Now, what is the relationship of that intelligence to the other? Is the other part of this extraordinary sense of intelligence? I want to find out what we mean by that word intelligence. The mind must not be caught by words. Obviously the old brain, all these centuries, thought it could have its God, its freedom, it could do everything it wanted. And suddenly it discovers that any movement of the old brain is still part of the old; therefore intelligence is the understanding that it can function only within the field of the known. The discovery of that is intelligence, we say. Now, what is that intelligence? What is its relationship to life, to a dimension which the old brain does not know?
You see, intelligence is not personal, is not the outcome of argument, belief, opinion or reason. Intelligence comes into being when the brain discovers its fallibility, when it discovers what it is capable of, and what not. Now, what is the relationship of that intelligence with this new dimension? I would rather not use the word relationship.
The different dimension can operate only through intelligence; if there is not that intelligence it cannot operate. So in daily life it can operate only where intelligence is functioning. Intelligence cannot function when the old brain is active, when there is any form of belief and adherence to any particular fragment of the brain. All that is lack of intelligence. The man who believes in God, the man who says, ‘There is only one saviour’, is not intelligent. The man who says, ‘I belong to this group’, is not intelligent. When one discovers the limitation of the old, the very discovery of that is intelligence, and only when that intelligence is functioning can the new dimension operate through it.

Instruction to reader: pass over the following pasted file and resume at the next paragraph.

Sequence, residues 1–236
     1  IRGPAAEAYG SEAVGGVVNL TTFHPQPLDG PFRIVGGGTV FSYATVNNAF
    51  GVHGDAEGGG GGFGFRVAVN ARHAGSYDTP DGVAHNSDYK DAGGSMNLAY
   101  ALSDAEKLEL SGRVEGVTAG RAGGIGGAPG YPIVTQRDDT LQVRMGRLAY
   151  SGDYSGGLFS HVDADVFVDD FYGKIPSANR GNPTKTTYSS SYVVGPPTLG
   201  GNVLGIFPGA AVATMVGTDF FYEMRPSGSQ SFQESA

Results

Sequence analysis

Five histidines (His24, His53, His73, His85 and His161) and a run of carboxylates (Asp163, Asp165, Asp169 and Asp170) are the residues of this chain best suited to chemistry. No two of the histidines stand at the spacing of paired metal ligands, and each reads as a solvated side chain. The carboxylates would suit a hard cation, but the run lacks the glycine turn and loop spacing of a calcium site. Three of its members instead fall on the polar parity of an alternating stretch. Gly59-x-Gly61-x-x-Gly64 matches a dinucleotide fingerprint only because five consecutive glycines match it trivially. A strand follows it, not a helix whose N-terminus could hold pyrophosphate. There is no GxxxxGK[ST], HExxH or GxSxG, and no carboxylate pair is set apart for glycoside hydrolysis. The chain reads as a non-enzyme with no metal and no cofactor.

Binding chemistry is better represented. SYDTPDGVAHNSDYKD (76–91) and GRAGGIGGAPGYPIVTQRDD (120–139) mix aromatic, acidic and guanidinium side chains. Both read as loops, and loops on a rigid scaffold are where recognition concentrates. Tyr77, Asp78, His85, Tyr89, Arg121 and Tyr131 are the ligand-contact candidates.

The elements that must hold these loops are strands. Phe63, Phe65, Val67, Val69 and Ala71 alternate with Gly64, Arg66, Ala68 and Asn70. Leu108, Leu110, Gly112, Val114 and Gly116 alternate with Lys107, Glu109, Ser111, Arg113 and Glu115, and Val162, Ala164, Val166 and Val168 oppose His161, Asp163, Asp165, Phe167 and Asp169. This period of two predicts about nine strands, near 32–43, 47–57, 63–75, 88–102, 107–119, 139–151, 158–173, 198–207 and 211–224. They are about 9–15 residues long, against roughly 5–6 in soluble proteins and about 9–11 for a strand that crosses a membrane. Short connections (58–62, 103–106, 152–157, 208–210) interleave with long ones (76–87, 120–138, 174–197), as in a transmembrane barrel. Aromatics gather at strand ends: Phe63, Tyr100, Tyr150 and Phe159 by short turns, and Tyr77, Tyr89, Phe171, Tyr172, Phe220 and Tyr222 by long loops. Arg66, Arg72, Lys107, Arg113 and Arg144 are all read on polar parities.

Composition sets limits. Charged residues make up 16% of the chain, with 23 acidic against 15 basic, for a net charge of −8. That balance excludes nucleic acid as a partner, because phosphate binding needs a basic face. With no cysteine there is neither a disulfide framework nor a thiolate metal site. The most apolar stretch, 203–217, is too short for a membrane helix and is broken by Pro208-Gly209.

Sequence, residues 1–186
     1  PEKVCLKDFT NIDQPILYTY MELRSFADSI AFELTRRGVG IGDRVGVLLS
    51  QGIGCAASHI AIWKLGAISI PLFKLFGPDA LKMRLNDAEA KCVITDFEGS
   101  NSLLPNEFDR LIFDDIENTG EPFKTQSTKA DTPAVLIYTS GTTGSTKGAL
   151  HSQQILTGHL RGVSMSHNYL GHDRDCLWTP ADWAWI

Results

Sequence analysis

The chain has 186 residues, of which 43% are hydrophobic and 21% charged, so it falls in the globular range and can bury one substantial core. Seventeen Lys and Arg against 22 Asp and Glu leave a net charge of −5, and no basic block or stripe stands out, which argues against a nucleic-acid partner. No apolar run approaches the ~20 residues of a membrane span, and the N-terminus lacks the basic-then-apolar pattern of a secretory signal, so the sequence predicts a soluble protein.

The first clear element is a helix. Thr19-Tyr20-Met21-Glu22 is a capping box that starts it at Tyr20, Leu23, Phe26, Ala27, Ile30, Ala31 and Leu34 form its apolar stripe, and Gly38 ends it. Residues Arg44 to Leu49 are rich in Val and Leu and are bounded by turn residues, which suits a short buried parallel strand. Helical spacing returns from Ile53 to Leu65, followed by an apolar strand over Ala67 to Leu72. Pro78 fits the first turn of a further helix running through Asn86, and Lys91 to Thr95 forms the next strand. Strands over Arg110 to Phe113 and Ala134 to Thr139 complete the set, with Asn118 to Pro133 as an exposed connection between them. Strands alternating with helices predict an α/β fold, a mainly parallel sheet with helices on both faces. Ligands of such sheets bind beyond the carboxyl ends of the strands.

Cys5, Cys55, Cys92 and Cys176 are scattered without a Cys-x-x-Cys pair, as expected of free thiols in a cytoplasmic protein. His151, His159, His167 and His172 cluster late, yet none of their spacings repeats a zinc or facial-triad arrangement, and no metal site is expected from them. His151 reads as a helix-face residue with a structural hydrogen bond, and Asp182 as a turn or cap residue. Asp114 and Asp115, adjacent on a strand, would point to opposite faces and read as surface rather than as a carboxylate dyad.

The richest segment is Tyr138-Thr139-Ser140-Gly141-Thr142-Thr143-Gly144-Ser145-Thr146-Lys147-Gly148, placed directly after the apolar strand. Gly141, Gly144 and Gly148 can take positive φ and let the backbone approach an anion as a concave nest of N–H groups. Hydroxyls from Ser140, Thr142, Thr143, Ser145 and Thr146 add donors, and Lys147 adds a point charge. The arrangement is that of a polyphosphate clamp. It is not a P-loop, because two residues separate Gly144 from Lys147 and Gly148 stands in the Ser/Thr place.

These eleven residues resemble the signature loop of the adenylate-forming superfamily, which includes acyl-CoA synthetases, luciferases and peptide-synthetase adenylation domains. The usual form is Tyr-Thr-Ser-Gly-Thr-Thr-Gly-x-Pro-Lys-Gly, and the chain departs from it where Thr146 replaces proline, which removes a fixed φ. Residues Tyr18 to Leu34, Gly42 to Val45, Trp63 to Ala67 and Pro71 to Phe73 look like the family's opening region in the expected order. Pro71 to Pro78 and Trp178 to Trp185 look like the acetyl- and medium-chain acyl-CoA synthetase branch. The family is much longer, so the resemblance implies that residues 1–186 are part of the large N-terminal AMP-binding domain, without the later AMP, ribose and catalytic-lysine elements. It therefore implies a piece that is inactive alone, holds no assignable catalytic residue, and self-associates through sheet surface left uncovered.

What is the relationship of randomness, of chance, to something totally new? There are events in one’s life that appear to happen by chance, events that occur at random. Is that happening new, totally unexpected? Or is it the result of unexamined, hidden, unconscious events?
I happen to meet you by chance. Is that chance at all, or has it happened because certain unconscious, unknown, events have brought us together? We may consider this chance, but it is not chance at all. I meet you, I did not know you existed, and in the meeting something has taken place between us. That may be the result of a great many other events of which we are not conscious, and we may then say, ‘This is a random event, this is an unexpected chance, this is totally new.’ It may not be that. Is there chance in life at all, a happening which has not a cause? Or have all events in life their basic, deep, causes, which we may not know and therefore we say, ‘Our meeting happens by chance, it is a random event’? The cause undergoes a change when there is an effect. The effect becomes a cause. There is the cause and the effect which becomes the cause of the next effect. So cause-effect is a constant chain. It is not one cause, one effect; it is undergoing constant change. Each cause, each effect, changes the next cause, the next effect. So as this is going on in life, is there anything which is unexpected, chance, a random event?
If you observe, if you say, ‘I listen to that noise’, listen completely, not with resistance, then that noise may go on forever, it does not affect you. The moment you resist, you are separate from the noise. Not identify yourself with the noise—I don’t know if you see the difference. The noise goes on; I can cut myself off from it by resisting it, putting a wall between myself and that noise. Then what takes place, when I resist something? There is conflict, isn’t there? Now, can I listen to that noise without any resistance whatsoever?